Catechin, a potent antioxidant found in red wine, successfully delayed tumor formation when fed to mice that are predisposed to developing tumors, report researchers at the University of California, Davis.
This finding supports earlier research indicating that diet can play an important role in preventing certain types of cancer. Furthermore, the study suggests that different food-processing methods may significantly affect the preventive qualities of wines and other foods and beverages.
Results from this study will be reported in the October issue of the American Journal of Clinical Nutrition.
The study, conducted by wine chemist Susan Ebeler and nutrition scientist Andrew Clifford, both of UC Davis, focuses on the effects of dietary catechin, one of a group of compounds called polyphenols that are found in some plant-based foods. Polyphenols are thought to protect against cardiovascular disease and cancer by preventing oxidation, a process that has been linked to narrowing of the arteries, blood-clot formation and tumor growth.
"This study builds on a growing body of evidence indicating that certain foods and beverages derived from plants may help prevent some forms of cancer," said Ebeler. "Our data suggest that dietary levels of specific polyphenol compounds like catechin, rather than total polyphenol concentrations, may be critical in this protective mechanism."
Ebeler's study was conducted with transgenic mice that are an animal model for a type of human cancer called neurofibromatosis. External tumors readily appear on these animals.
All of the mice were fed a nutritionally complete powdered diet. The test animals' diets were supplemented either with catechin or with dehydrated and dealcoholized red wine, called wine solids.
The study consisted of three experiments. In the first, individual mice were fed at one of four different levels of catechin supplementation. In the second experiment, the mice received a diet with double the four levels of catechin in the first experiment. And in the third experiment, all of the test mice were fed a diet with added wine solids, but the wine solids contained very low levels of the polyphenol catechin.
In each of the three experiments, the researchers observed when tumors first appeared in each of the mice. They also monitored the growth of the mice in the second and third experiments.
The experiments yielded these findings:
In the first and second experiments, the mice fed catechin in their diets developed tumors much later than did the mice that received the control diet without catechin. Those eating the highest levels of catechin remained tumor-free for 32 days longer than did those on the control diet, which is a 45 percent extension of the tumor-free period.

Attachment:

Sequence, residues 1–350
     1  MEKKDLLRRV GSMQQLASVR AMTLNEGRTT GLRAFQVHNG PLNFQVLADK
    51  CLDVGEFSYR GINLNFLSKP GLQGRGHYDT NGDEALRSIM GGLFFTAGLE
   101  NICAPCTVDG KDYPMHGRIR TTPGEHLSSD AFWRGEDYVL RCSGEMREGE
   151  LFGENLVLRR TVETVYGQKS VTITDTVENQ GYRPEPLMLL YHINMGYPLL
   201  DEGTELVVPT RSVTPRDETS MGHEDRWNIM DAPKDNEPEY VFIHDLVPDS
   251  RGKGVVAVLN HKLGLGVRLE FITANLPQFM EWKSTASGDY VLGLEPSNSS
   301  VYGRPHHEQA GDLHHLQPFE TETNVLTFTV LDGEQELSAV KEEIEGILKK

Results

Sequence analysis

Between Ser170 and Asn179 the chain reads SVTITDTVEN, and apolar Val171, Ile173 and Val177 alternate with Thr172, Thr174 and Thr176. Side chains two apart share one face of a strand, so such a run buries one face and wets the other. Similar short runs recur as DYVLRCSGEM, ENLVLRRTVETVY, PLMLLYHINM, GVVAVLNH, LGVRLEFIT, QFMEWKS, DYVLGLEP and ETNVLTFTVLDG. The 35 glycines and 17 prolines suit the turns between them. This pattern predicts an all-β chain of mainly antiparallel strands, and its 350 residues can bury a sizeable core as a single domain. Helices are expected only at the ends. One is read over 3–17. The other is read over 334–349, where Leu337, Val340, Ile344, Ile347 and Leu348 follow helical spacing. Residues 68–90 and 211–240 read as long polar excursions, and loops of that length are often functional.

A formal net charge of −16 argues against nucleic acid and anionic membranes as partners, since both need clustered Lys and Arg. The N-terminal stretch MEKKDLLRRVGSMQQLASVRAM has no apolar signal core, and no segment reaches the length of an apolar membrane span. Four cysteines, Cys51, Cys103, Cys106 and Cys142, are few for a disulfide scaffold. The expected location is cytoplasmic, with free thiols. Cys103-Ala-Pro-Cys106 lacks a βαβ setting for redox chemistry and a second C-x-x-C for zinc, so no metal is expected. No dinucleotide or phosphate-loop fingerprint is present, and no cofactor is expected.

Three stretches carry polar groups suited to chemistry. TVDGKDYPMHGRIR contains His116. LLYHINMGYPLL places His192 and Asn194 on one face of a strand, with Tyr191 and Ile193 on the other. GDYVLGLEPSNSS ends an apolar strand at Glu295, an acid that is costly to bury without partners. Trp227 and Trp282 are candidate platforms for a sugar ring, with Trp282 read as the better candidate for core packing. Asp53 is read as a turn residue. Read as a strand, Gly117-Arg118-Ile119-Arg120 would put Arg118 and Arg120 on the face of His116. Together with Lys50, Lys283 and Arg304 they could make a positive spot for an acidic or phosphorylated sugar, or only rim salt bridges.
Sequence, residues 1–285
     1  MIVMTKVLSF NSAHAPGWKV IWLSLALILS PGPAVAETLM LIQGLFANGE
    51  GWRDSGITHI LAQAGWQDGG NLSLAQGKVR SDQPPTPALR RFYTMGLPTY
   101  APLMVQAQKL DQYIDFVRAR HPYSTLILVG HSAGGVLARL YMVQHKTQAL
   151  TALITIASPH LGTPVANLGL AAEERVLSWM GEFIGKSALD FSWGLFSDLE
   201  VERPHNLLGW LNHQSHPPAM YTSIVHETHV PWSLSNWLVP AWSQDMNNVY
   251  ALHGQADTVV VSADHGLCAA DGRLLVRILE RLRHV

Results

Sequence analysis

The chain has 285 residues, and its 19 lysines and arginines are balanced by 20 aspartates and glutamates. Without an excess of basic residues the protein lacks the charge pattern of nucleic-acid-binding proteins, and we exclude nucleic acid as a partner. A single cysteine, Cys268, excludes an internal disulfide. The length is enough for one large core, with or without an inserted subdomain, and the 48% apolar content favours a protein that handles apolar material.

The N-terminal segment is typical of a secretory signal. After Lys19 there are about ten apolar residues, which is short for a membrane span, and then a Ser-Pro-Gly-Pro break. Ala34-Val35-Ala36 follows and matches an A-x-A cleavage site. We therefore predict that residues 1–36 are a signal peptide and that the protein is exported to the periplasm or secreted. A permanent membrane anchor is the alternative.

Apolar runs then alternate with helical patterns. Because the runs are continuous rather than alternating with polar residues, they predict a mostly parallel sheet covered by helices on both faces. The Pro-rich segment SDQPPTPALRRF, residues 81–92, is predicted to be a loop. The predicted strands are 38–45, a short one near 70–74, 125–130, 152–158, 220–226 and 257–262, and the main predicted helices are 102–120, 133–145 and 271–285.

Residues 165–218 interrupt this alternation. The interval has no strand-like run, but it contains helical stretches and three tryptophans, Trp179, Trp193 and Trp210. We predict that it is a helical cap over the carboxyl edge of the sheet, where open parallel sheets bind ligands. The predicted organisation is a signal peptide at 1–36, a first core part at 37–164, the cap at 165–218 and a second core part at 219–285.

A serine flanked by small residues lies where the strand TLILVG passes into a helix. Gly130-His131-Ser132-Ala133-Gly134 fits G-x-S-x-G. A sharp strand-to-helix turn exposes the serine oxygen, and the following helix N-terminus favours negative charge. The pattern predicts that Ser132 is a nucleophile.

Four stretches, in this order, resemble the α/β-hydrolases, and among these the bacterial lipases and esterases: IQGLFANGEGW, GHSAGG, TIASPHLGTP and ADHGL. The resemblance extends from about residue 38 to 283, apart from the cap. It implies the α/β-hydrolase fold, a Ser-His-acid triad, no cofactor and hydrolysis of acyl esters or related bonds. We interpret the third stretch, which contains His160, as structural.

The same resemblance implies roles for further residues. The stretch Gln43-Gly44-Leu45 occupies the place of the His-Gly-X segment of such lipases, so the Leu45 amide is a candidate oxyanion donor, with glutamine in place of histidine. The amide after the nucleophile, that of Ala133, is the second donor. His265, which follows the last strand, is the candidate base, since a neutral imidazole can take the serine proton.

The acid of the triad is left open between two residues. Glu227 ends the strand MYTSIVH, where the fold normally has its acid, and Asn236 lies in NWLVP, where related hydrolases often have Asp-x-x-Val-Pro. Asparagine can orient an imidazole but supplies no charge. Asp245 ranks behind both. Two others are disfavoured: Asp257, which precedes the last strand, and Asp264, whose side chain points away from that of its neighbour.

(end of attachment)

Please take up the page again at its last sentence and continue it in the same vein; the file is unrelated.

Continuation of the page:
Catechin Found in Bloodstream
As might be expected, catechin levels in the bloodstream rose with increasing concentrations of catechin in the diets of the mice, indicating that the mice were absorbing the catechin in their food. And the mice with higher levels of catechin in their bloodstream also went longer before developing tumors.
Mice in both the control and the catechin-supplemented groups grew well and remained healthy, indicating there were no apparent ill effects from the added catechin.
Importance of Specific Polyphenol Concentrations
In the third experiment, the mice that were fed wine solids in their diet did not experience a delay in the onset of tumors. This finding was of particular interest when compared with Ebeler's earlier research, which did find a significant delay in tumor onset among mice fed wine solids.
An explanation for this may lie in the fact that although the wine solids in both the current and previous studies had similar concentrations of total polyphenols, the current study's wine solids had only one-fourth of the catechin found in the wine from the earlier study.
Processing Techniques Critical
The wide disparity in the levels of catechin found in the wine solids used in the current and previous studies may be due to differences in processing methods. Catechin is primarily found in the seeds of the grape. In processing wine solids for the earlier study, the seeds and skin were left in with the juice for up to six weeks, compared to just seven days for the current study's wine solids.
"This is a clear reminder that, due to differences in processing, not all wines are the same in terms of potential health benefits," Ebeler said.
She noted that further studies are needed to explore the nature of the mechanisms responsible for the apparent cancer-preventive qualities of food components like catechin and other polyphenols. Extensive research is also needed to examine the ways in which these protective mechanisms are affected by processing.
This study was supported by funds from the U.S. Department of Agriculture, the American Cancer Society, the Wine Institute, the California Prune Board, the National Institute of Environmental Health and Safety and the University of California.